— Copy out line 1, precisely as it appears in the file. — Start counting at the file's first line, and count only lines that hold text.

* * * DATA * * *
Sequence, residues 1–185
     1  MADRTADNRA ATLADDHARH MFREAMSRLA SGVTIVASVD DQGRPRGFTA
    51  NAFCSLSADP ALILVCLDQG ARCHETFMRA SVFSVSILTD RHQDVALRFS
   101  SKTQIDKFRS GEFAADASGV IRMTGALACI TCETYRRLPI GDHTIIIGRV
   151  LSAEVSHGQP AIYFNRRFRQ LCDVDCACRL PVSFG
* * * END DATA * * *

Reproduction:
Sequence, residues 1–185